The major difference between Egyptian hieroglyphics and cuneiform is the use of consonants. Egyptian literature used lots of consonants, which was similar to the Semitic languages that developed later. Scholars referred to this style of writing as an abjad.

In Egyptian hieroglyphics, there were consonant signs, words signs, and determiners.

Cuneiform, on the other hand, included vowels; it, therefore, suited non-Semitic languages. The Mesopotamian system of writing was syllabary, which meant that a pictogram could represent two letters, one a consonant and the other a vowel. Thus, words written in cuneiform were easy to pronounce.

The Writing Mediums of Cuneiform and Hieroglyphics

This may not seem important but it is because the writing mediums influenced the appearance of the characters. The tip of the stylus used in writing cuneiform was wedge-shaped, and this gave it its distinctive characters. Also, cuneiform used clay tablets and this made the pictograms appear different.

On the other hand, Egyptian hieroglyphics writing materials were chisels, hammers and brushes.

These tools made Egyptian hieroglyphics more pronounced and colorful than cuneiform. Also, the papyrus and stone writing materials gave the Egyptian hieroglyphics a different appearance.

Another difference is that Egyptians wrote hieroglyphics either vertically or horizontally or both. The Sumerians wrote cuneiform vertically, however, over the years, it was changed to become horizontal.

The Similarities Between Cuneiform and Hieroglyphics

Differences aside, both cuneiform and hieroglyphics shared various similarities. These similarities might confuse the untrained eye, since due to their striking resemblance, people often mistake the two ancient systems of writing for each other.

Both Cuneiform and Hieroglyphics Used Similar Characters

This was the most noticeable similarity between the two. Both writing systems used pictograms and logograms to represent words, ideas and sounds. Pictograms were pictures that represent words while logograms were characters that indicated ideas.

However, note that though both systems used similar characters, the meaning of the characters was different.

Cuneiform and Hieroglyphics Used Similar Writing Tools

Both systems of writing used clay as their writing material. The use of clay gave the characters a similar appearance, especially when comparing the earlier cuneiform writings with hieroglyphs. Later developments saw the cuneiform shift from using pictures to strokes.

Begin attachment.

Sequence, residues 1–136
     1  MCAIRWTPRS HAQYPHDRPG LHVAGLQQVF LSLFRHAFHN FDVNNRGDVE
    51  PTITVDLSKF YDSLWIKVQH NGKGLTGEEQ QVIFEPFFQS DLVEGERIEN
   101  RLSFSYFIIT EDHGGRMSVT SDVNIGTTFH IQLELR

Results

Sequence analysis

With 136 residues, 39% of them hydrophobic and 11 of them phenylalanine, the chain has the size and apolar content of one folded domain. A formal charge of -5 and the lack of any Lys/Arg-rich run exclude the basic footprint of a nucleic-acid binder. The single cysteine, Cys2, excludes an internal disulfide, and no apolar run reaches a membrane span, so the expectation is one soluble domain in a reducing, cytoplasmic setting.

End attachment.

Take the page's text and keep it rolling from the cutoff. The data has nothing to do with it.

How the Rosetta Stone Helped in Decoding Hieroglyphics

Before the discovery of the Rosetta Stone, scholars couldn’t understand cuneiform and hieroglyphics. Discovered by Napoleon Bonaparte’s soldiers in Egypt in 1799, the stone was a fragment of a bigger slab.

The writing on the stone was a message which indicated that the priests of the temples were in support of King Ptolemy. The Egyptians wrote this message in three systems of writing, that is, hieroglyphs, demotic and Greek.

The inscriptions in three different writing styles helped modern scholars to decode hieroglyphics because the modern scholars could read and understand ancient Greek. They used the Greek they were familiar with to decode the hieroglyphs.

Since the discovery of the stone, scholars have gained immense insight into Egyptian culture and civilization.

Who Deciphered the Rosetta Stone?

The first to decipher the Rosetta stone was Thomas Young. Comparing the words in ancient Greek to the hieroglyphs, he was able to decode the first word, Ptolemy. King Ptolemy was a Greek king who ruled ancient Egypt. Subsequently, Jean Francois Champollion realized that the hieroglyphs were sounds of the ancient Egyptian language.

This important step led to his discovery that the Egyptians used hieroglyphs to denote names of non-Egyptian kings. Champollion used this to decode the alphabets of the hieroglyphic system of writing.

Later, he discovered that the writings also indicated the names of Egyptians. Then he used the Coptic language that had already been decoded to translate the message on the Rosetta stone.


So far we’ve discovered the origins, differences and similarities of cuneiform and hieroglyphics. We’ve also seen how the Rosetta Stone helped in translating hieroglyphs.

  • Hieroglyphs and cuneiform were ancient systems of writing used by the Sumerians and Egyptians, respectively.
  • Both civilizations used these writings to keep records and accounts of activities.
  • Scholars believe that hieroglyphs descended from cuneiform when the Egyptians encountered the Mesopotamians.
  • The major difference between both writings was the wedge-shaped characters of the cuneiform.
  • The Rosetta Stone, discovered in 1799, played a significant part in decoding hieroglyphs.
  • Thomas Young was the first person to decode the word, Ptolemy, from the Rosetta Stone.
  • Later, Jean Francois Champollion completed the translation by comparing the alphabets of the hieroglyphs to the Coptic Language.

Both cuneiform and hieroglyphs played important roles in developing other systems of writing. Though the Sumerians developed cuneiform and the Egyptians developed hieroglyphs, both systems were the foundations of other systems of writing such as the English alphabet.